I used shortcut method called expr to parse and evaluate my expression – and just compared the results. But with the code so far there is one test failing – cannotEnterNegativeNumber.

Custom error handling

Brush aside the silliness of the idea that we can’t enter negative number (especially when it can be valid result :-)), the problem here is that by default parser reports the error but does not throw any exception. Let’s add this feature now – here is complete listing of ExpressionUtils:

package expr1;

import expr1.grammar.ExprLexer;
import expr1.grammar.ExprParser;
import org.antlr.v4.runtime.ANTLRErrorListener;
import org.antlr.v4.runtime.ANTLRInputStream;
import org.antlr.v4.runtime.BaseErrorListener;
import org.antlr.v4.runtime.CommonTokenStream;
import org.antlr.v4.runtime.RecognitionException;
import org.antlr.v4.runtime.Recognizer;
import org.antlr.v4.runtime.tree.ParseTree;

public class ExpressionUtils {

	private static final ANTLRErrorListener ERROR_LISTENER = new ExceptionThrowingErrorListener();

	public static ParseTree createParseTree(String expression) {
		ANTLRInputStream input = new ANTLRInputStream(expression);
		ExprLexer lexer = new ExprLexer(input);
		CommonTokenStream tokens = new CommonTokenStream(lexer);
		ExprParser parser = new ExprParser(tokens);
		parser.removeErrorListeners();
		parser.addErrorListener(ERROR_LISTENER);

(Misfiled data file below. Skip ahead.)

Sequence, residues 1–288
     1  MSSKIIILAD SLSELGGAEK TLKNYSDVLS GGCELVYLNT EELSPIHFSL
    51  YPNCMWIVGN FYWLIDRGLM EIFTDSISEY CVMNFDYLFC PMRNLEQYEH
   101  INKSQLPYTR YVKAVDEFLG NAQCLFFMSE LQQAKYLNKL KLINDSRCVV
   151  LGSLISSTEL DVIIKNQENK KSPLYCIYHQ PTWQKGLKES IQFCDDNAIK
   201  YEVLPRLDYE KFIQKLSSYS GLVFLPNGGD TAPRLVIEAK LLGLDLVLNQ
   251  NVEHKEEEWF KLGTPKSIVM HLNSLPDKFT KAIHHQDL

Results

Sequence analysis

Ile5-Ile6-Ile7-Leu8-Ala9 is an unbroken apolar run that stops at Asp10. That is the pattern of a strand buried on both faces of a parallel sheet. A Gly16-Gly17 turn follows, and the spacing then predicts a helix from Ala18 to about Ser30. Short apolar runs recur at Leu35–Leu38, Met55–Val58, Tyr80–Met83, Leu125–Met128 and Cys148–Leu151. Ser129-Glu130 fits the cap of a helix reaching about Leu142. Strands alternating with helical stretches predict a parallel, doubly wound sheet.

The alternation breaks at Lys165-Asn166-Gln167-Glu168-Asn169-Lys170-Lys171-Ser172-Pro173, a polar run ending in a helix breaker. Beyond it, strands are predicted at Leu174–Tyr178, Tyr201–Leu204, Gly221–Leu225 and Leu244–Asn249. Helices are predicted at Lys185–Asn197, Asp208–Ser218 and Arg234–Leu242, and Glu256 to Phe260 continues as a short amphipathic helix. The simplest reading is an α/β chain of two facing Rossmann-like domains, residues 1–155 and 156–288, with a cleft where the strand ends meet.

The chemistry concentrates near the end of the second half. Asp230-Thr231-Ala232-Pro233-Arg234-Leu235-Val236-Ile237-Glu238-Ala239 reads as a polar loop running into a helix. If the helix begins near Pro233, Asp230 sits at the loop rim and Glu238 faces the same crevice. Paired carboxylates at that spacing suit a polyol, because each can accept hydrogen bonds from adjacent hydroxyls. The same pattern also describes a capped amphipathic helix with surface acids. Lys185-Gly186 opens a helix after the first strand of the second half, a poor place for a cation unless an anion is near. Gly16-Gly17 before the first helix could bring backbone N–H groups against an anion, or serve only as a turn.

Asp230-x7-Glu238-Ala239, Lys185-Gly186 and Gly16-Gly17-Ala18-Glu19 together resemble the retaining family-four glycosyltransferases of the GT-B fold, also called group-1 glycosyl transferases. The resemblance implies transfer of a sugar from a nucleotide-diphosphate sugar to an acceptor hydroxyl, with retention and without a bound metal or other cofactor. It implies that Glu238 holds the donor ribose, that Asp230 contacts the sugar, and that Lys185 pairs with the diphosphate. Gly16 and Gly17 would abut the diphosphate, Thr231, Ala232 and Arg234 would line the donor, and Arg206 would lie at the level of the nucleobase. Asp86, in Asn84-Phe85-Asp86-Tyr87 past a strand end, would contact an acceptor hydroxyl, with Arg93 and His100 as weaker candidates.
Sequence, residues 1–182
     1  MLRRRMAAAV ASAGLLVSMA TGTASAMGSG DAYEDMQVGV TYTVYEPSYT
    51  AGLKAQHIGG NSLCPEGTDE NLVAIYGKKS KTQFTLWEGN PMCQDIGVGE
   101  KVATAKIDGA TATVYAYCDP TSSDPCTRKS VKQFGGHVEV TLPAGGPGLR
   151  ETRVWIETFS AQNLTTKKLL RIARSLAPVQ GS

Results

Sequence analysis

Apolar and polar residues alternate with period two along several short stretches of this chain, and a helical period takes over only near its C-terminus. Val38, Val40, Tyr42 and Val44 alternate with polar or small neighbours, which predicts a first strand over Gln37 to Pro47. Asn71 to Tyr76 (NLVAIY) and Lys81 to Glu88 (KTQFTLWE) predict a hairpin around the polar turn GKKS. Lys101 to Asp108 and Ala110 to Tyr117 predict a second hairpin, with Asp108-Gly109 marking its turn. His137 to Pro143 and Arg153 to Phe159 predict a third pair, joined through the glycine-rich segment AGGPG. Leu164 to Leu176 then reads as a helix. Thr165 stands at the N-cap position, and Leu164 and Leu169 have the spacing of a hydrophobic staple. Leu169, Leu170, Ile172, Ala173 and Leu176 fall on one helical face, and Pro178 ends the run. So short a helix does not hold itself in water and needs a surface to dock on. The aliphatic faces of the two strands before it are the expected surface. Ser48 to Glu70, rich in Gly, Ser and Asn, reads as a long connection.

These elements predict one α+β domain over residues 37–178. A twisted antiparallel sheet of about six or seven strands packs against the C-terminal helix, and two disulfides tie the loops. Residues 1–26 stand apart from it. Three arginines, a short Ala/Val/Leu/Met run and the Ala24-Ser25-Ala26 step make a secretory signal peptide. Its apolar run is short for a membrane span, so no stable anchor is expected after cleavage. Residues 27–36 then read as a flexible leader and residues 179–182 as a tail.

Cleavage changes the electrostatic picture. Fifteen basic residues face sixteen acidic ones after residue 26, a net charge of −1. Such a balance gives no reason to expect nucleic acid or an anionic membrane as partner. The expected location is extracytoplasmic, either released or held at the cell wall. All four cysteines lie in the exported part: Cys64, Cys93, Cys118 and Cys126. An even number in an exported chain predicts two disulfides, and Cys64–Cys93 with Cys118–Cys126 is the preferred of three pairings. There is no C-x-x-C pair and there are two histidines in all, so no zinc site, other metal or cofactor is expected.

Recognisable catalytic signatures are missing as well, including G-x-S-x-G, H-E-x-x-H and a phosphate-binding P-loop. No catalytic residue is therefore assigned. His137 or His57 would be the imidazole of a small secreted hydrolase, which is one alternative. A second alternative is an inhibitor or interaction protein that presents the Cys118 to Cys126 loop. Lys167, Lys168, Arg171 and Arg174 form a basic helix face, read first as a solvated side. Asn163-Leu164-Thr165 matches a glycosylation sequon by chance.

return parser.expr();
	}

	public static class ExceptionThrowingErrorListener extends BaseErrorListener {
		@Override
		public void syntaxError(Recognizer<?, ?> recognizer, Object offendingSymbol,
			int line, int charPositionInLine, String msg, RecognitionException e)
		{
			throw new ExpressionException(msg);
		}
	}
}

What we did here is that we removed the original listener (that would still print the error on stderr otherwise) and added listener that throws exception with the same message instead. Exception implementation is on github and isn’t worth the listing.

Conclusion

Of course, we merely scratched the surface of ANTLR and custom language implementations, but we managed to do so much with so little code! You saw rules and their alternatives in action and how they manifested in the generated visitor class.

Now you probably can imagine how to extend the idea – and we will do exactly this in my next post. We will add variables, because without them expression evaluation isn’t that useful for most customization purposes. We will also add more types and logical operations. So it will be fun, I promise.

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About virgo47
Java Developer by profession in the first place. Gamer and amateur musician. And father too. Naive believer in brighter future. Step by step.

2 Responses to Expression evaluation in Java (2)

  1. Pingback: Expression evaluation in Java (3) | Virgo's Naive Stories

  2. Pingback: Expression evaluation in Java (4) | Virgo's Naive Stories